Everyone has their own notions about why a man who is so far advanced in years would take up a relationship with a woman barely legal enough to qualify for the demarcation, but those notions are rarely noble. Typically, these men are looking for a mate they can control, guide and groom, rather than a partner in every sense of the term. What’s unfortunate is that these sorts of men fail to understand that a woman is not a car; you can’t just add and take away features and still maintain the same product, essentially. A woman is a more like a tree. She will grow in many directions and in time, turn into something entirely different from the seed that was planted into the ground. I suspect this is what’s happening in the Buharis marriage, and we are all being treated to a front row seat to the show.

Last week, you may have heard that President Buhari made some pretty unsavory remarks about his wife while sharing a stage with German Chancellor, Angela Merkel. In response to comments made by his wife in a BBC interview wherein she said that she might not back him in the next election unless he shakes up his government, he said: “I don’t know which party my wife belongs to, but she belongs to my kitchen and my living room and the other room.”

Mrs. Buhari said in the same interview that she is very vested in protecting her husband’s legacy, a passionate cause which likely led her to speak in a way more candidly than Nigerians are accustomed to.

The reality is that Aisha Buhari publicly spoke to a lot of frustrations that ordinary Nigerians talk about every day. President Buhari’s government has been deemed to move too slow, has ushered in a weaker economy, and appears to lack cohesiveness. As a Nigerian citizen who – like her husband – “belongs to everybody and belongs to nobody”, she has the right to voice her thoughts on the politics of the day. The fact that she married a man who aspired to the office of president and was only successful on the fourth attempt does not preclude her from that right. There has been much talk online (and probably more off) that her role as First Lady – a title she has rejected – is to support her husband no matter what. On the other side of the spectrum and in response to her husband’s reflexive sexism, there have been some who have called for Mrs. Buhari to end her marriage to a man who clearly has bias against her for the sake of her gender and her inferior position as his wife. Whether that bias is unconscious or not, only President Buhari can say…but rest assured Mrs. Buhari knows her husband is and always has been. Like Donald Trump and his comfort with saying the offensive and preposterous, this is not the first time President Buhari as said something outdated, sexist and subversionary to his wife and/or about women.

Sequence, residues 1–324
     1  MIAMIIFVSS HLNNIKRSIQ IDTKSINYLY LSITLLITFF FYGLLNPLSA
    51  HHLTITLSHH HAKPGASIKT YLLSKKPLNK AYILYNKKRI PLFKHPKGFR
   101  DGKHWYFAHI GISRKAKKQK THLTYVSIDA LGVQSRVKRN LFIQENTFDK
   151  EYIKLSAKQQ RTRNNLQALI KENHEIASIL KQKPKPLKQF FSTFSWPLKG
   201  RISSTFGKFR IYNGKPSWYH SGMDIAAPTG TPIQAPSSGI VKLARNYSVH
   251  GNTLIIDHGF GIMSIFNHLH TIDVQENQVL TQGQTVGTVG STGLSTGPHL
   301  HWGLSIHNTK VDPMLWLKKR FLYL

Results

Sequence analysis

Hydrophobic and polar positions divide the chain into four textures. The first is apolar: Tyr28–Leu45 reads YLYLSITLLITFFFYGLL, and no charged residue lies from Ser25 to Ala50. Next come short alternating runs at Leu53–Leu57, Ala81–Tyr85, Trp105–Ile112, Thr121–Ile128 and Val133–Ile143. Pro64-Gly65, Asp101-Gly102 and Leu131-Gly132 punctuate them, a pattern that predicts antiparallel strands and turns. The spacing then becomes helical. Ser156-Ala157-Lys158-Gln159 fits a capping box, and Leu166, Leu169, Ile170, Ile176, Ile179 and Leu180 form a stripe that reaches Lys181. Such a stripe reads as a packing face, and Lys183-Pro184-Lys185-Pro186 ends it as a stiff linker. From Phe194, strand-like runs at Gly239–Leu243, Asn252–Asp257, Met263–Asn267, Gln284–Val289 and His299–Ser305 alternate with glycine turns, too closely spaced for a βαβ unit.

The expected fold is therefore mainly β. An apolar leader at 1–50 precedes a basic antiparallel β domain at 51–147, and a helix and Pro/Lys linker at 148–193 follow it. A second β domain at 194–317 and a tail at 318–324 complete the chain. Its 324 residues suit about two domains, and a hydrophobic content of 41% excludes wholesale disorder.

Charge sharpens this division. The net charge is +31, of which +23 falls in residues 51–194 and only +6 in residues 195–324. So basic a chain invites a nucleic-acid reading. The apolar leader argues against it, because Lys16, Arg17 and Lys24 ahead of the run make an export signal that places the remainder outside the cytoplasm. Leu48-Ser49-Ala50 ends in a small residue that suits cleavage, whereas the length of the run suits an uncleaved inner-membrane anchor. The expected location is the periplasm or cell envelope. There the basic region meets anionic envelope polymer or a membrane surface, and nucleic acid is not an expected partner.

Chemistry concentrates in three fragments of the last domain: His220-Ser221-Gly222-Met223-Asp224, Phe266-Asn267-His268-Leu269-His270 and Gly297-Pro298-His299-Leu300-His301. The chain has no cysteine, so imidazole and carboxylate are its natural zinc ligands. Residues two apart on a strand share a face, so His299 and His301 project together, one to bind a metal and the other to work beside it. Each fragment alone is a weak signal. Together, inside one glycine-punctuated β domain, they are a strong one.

You may recall Governor Oshiomhole’s crass comments about his wife’s virginity on their wedding day while a room full of guests looked on…. guests that included President Buhari. These are the types of “jokes” that men of this stature are used to making about women, our bodies, our place in politics, etc. None of this is actually funny, but their hubris hinders them from recognizing that they are the only ones laughing.

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It’s tempting to believe that comments like these are the mindless ramblings made by men from an era gone by, because we desperately want to believe that humanity is getting smarter…better…more cognitively aware. We must resist that urge to deflect and deny the everyday sexism that women face, particularly from those closest to them. It very much exists.

Just this week I was at dinner with a group of friends where the discussion turned to children and work-life balance. The couples there were of mixed race and heritage, among which was a Ghanaian couple. The husband says, “My wife’s children love to play tennis…”

She stops him with an incredulous laugh and says, “What do you mean ‘your wife’s children’? They’re your children too!”